THE PERSONAL STATEMENT
Examples and advice from current students
When you apply to Babson via the
Common Application or the Babson Application, you will be asked to write an essay responding to one of these seven prompts:
Some students have a background, identity, interest, or talent that is so meaningful they believe their application would be incomplete without it. If this sounds like you, then please share your story.
- The lessons we take from obstacles we encounter can be fundamental to later success. Recount a time when you faced a challenge, setback, or failure. How did it affect you, and what did you learn from the experience?
- Reflect on a time when you questioned or challenged a belief or idea. What prompted your thinking? What was the outcome?
- Describe a problem you've solved or would like to solve. It can be any challenge, query, or dilemma that is of personal importance, no matter the scale. Explain its significance to you and what steps you took or could be taken to identify a solution (slighty revised from The Common Application prompt).
- Discuss an accomplishment, event, or realization that sparked a period of personal growth and a new understanding of yourself or others.
- Describe a topic, idea, or concept you find so engaging that it makes you lose all track of time. Why does it captivate you? What or who do you turn to when you want to learn more?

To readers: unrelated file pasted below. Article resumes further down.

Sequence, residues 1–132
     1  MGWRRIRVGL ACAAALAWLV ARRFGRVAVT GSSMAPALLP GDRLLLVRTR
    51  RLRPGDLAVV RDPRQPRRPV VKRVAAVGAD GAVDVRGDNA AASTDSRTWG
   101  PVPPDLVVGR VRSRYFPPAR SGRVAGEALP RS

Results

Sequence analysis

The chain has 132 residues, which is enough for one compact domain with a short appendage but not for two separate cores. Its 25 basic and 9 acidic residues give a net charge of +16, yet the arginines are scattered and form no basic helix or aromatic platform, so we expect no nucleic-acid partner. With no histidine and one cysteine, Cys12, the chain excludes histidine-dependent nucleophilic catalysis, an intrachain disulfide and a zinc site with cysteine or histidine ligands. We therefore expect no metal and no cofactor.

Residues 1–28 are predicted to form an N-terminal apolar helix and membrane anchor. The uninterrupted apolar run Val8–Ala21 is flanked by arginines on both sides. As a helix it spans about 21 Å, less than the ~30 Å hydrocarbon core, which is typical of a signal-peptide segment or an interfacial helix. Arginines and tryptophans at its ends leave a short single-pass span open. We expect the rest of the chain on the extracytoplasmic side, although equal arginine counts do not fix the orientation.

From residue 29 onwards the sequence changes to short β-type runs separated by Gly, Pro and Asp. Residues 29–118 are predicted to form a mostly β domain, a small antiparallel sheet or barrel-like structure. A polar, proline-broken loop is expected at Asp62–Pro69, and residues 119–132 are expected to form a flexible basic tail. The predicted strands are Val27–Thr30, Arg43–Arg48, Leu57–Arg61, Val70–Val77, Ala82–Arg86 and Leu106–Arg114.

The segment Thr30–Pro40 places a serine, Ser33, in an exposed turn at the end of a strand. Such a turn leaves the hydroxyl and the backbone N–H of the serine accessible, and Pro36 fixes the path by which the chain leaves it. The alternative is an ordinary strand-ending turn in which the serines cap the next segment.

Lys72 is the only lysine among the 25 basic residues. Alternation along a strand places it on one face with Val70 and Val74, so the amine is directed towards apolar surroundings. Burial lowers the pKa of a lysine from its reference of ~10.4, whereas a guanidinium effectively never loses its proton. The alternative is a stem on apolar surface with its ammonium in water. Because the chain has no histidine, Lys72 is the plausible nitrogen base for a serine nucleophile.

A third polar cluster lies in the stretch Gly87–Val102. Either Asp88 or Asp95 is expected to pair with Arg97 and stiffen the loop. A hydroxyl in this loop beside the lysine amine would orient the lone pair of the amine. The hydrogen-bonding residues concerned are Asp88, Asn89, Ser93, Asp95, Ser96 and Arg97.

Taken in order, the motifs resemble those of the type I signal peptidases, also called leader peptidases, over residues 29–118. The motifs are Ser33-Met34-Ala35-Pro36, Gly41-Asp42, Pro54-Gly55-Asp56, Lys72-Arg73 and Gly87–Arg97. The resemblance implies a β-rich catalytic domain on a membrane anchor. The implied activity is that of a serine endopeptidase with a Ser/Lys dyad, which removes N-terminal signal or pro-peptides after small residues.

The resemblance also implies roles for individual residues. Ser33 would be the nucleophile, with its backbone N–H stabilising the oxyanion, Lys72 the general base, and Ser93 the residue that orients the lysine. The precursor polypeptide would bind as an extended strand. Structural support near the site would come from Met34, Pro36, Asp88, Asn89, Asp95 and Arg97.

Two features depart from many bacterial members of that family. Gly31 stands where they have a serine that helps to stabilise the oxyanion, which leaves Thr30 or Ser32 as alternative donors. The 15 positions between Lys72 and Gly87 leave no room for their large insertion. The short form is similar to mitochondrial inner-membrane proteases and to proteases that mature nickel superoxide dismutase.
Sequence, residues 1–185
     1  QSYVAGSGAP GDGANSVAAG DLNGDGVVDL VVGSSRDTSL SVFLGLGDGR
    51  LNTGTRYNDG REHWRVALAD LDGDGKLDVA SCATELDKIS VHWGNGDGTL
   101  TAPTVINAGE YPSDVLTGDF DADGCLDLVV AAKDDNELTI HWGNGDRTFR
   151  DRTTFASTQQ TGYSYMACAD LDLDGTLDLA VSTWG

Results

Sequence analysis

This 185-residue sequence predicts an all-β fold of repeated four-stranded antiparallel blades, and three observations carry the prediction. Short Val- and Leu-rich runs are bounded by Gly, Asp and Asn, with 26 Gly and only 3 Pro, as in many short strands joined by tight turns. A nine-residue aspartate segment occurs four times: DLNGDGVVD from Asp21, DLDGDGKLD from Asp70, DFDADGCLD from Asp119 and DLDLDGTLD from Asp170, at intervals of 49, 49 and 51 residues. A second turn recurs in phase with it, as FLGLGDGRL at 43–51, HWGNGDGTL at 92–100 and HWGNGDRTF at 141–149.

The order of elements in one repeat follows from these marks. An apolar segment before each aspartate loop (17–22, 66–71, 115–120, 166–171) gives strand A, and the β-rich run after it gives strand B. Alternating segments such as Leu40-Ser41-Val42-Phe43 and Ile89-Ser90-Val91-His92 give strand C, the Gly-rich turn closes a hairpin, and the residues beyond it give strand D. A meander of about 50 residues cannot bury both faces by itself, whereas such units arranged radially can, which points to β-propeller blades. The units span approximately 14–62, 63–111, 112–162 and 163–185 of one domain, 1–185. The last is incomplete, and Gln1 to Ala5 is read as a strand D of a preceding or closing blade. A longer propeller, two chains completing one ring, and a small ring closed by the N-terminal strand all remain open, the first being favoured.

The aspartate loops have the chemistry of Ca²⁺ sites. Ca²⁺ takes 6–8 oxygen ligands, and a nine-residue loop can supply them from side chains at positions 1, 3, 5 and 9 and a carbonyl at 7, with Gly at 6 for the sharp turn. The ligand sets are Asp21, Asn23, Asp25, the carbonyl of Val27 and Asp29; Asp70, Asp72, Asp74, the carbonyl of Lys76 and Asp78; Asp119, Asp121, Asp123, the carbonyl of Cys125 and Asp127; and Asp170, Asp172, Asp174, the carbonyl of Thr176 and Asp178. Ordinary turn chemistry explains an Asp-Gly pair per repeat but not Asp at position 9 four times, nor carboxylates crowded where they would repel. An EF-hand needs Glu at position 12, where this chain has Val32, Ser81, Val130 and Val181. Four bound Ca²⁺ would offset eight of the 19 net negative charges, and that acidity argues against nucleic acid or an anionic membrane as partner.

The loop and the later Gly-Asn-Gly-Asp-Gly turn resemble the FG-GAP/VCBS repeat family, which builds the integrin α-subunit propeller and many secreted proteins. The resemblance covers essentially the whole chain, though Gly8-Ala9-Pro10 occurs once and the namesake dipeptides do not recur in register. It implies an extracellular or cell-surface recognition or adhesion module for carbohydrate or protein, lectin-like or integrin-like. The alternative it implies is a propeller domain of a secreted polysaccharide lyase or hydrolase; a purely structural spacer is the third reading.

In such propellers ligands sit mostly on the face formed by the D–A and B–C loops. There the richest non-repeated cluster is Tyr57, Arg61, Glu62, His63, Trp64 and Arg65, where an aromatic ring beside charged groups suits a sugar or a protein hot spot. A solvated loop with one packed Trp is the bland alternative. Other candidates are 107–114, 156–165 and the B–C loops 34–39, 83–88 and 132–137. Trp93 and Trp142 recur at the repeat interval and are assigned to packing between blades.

- Share an essay on any topic of your choice. It can be one you've already written, one that responds to a different prompt, or one of your own design.
We’ve collected several essays from the Class of 2021 to serve as examples that will help you as you share your unique stories. We’ve also asked these students to share their advice with you as your prepare your essays.
Demi Chu ’20, Taipei, Taiwan
"When it comes to defining yourself, no one knows you better than yourself, so don't be afraid. You don't have to package yourself into an ideal student, because there isn't one; you just have to tell them who you are."
Read Demi's essay »
Angelica Diaz ’20, Northridge, California
"More often than not, seemingly insignificant events or experiences can best exemplify your passions and personality. Instead of just asking "how" an event has shaped your life, try asking "why" you have become the person you are today."
Read Aida's essay »
Oussama Ouadani ’20, Cambridge, Massachusetts
"If your essay is taking you a while to write: stop. Your brain is letting you know that you have selected the wrong topic to write about. The essay should flow, from your mind to your fingertips, with ease."
Zachary Sheehan ’20, Lovell, Maine
Read Oussama's essay »
"My advice to prospective students is to really think about what your application is missing — what you can write about that brings personality to all the parts the evaluators have in front of them. The essay is your chance to give evaluators some insight of who you are not only as a student, but as a person."
Read Zachary's essay »